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Oh, Gear: Smartwatches won't dominate holidays, analyst says

In a stunning announcement, Gartner says that consumers aren't quite convinced that smartwatches deserve their holiday dollars.

Not the thing to impress your loved ones with this year? Brian Bennett/CNET

I know there are people out there who don't want to embarrass themselves over the holiday season.

It's all right if they slur their words and sidle up to people who aren't their spouses.

But woe betide anyone who buys the wrong electronic gift. This is a shame not easily overcome, if ever.

So the fine and prescient analysts at Gartner would like you to urgently know that smartwatches will not be a big hit this year.

You might already have had some sense that this might be the case. You might not, in fact, have ever seen anyone wearing one.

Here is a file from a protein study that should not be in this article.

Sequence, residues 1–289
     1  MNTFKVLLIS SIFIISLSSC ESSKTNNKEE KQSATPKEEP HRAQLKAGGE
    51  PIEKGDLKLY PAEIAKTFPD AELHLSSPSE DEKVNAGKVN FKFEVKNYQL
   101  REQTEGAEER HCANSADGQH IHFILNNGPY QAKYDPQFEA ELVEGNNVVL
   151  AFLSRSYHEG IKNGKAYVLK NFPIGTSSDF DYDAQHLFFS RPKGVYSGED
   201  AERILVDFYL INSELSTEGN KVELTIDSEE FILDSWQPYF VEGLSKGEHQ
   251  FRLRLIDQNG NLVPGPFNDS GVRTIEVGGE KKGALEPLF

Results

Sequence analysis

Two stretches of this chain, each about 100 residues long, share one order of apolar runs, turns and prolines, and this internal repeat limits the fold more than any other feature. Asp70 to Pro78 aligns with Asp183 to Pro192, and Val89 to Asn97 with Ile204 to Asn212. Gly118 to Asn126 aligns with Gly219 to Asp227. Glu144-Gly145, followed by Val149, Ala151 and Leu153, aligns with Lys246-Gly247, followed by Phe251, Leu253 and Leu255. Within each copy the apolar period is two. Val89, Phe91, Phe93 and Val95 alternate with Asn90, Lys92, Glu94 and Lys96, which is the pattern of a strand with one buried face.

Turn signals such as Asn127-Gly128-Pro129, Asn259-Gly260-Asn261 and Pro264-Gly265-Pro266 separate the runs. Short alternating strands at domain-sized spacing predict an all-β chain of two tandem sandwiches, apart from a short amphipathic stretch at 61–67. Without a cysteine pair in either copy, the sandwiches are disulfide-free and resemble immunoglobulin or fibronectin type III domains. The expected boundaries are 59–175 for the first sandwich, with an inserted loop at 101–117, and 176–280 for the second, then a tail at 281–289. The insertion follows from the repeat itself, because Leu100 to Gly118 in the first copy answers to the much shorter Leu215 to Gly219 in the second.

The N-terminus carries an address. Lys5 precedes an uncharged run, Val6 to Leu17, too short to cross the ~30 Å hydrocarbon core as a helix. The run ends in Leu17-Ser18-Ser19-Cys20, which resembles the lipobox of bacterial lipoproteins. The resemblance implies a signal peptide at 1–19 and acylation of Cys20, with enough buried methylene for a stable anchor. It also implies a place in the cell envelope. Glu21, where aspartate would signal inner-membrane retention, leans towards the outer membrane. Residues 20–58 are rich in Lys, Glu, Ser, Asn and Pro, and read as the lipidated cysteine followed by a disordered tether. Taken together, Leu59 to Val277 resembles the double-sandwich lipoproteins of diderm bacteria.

Gartner, though, wants to be clear that "premium pricing paired with an unclear value proposition will steer consumers' spending toward tablets and fitness bands, leading to lackluster sales of smartwatches this holiday season."

In essence, people won't buy smartwatches because people have no idea what they're supposed to do with them.

There is more dire news, however. According to Annette Zimmermann, principal research analyst at Gartner: "Wearable devices will remain a companion to mobile phones at least through 2017, with less than 1 percent of premium phone users opting to replace their phone with a combination of a wearable device and a tablet."

Zimmerman then goes on to assail the category, citing price and design. As well as, goodness, low consumer interest. Given that you're not interested in smartwatches, you knew that already.

It seems, then, that the Samsung Galaxy Gear and its ilk are not the items to aspire to this year. Indeed, Gartner specifically pooh-poohed the Gear for its "uninspired" design.

This might bring some clarity to the current confusion as to whether 50,000 of these watches have been sold, or perhaps 800,000.

My own analysis (aka guess) is that, now Gartner has spoken, the numbers will veer toward the former rather than the latter.